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Summary Article: Journalism
from The SAGE Glossary of the Social and Behavioral Sciences

A profession whose purpose is to communicate information, analysis, commentary, and entertainment to the public. The work carried out by reporters, editors, photographers, videographers, publishers, and producers involves collecting, preparing, and distributing news or current events of public interest via a variety of media. The products of journalism are generally frequently published periodicals including newspapers, consumer and trade magazines, television, radio, pamphlets, newsletters, film, books, and the World Wide Web. While the industry was closely associated with newspapers for centuries, it is now just as commonly associated with the electronic media.

Journalistic censorship involves the restriction, suppression, or altering of writing, speech, ideas, or opinions and can occur either before publication or broadcast (preemptive) or afterward (punitive). Those who seek to censor may do so because they find the words or speech to be morally, politically, or otherwise objectionable or because the revelation of facts would be harmful to a person, company, or other entity. Despite the fact that journalists' rights are protected by the First Amendment, indirect pressure or direct censorship can come from media owners, government agents, and special-interest or lobby groups. Journalists may also engage in self-censorship—either by omission or by evasion—out of fear of external censorship, libel claims, or other negative repercussions.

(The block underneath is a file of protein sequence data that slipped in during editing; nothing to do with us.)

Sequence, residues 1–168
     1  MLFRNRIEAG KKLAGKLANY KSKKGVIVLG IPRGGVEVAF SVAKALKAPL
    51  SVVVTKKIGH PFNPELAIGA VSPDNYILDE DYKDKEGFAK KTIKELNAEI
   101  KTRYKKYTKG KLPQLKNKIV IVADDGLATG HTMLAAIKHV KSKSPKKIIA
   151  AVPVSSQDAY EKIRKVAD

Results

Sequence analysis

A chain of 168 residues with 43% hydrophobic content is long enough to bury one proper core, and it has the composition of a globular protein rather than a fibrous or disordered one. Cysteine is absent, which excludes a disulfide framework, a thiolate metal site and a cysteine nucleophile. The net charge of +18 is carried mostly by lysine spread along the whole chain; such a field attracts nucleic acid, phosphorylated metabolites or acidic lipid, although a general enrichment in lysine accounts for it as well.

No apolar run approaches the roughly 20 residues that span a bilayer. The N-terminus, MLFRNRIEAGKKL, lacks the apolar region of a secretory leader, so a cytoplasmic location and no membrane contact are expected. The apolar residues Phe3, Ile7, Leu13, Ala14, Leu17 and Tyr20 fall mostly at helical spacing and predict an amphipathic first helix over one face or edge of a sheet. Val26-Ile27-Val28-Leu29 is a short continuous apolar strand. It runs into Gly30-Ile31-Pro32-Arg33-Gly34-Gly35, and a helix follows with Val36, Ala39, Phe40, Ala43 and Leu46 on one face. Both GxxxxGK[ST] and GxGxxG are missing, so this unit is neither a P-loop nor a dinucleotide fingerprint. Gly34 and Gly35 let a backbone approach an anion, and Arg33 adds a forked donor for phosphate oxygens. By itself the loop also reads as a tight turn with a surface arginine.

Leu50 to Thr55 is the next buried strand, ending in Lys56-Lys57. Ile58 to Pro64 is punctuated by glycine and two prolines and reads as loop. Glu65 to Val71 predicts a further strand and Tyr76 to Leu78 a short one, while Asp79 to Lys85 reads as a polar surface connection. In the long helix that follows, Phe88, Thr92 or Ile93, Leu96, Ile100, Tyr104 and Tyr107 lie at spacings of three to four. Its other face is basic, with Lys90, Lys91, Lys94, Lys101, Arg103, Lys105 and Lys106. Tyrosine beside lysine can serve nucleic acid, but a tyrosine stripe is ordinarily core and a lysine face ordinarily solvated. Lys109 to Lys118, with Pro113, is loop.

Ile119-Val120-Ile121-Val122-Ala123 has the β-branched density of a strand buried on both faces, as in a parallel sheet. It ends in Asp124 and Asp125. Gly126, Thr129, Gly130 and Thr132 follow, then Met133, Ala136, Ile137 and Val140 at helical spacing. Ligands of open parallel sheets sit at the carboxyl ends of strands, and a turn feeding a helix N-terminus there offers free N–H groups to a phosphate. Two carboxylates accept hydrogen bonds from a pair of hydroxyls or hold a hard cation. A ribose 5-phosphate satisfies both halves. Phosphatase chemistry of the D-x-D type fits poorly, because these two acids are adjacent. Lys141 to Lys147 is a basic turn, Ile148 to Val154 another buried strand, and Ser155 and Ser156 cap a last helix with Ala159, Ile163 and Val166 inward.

Journalists gather information from direct obser vation as well as from sources—people connected to a story, with whom they conduct interviews. Sources can include witnesses of an event, though the term generally implies an authority on a particular subject. To retrieve information from sources, reporters frequently need to promise that their identity will remain confidential, though an overabundance of anonymous sources can lessen a story's credibility. The first known case of a journalist seeking the right to silence occurred in the mid-19th century, when a New York Herald reporter refused to reveal a source and was subsequently jailed for contempt of Congress. Reporter's privilege refers to the invocation of the First Amendment on the part of journalists in keeping sources confidential in a court of law. In the 1972 landmark Branzburg v. Hayes case, the Supreme Court ruled against the conferral of such special privileges to journalists. The ensuing controversy over the ruling provoked some states to implement shield laws that would protect journalists against being forced to reveal sources. For more information, see Bates (2001), Branzburg v. Hayes (1972), and Kovach and Rosenstiel (2001) in the bibliography.

See also

Censorship, Print Media, Privileged Conversations, Reporter

Copyright © 2009 by SAGE Publications, Inc.

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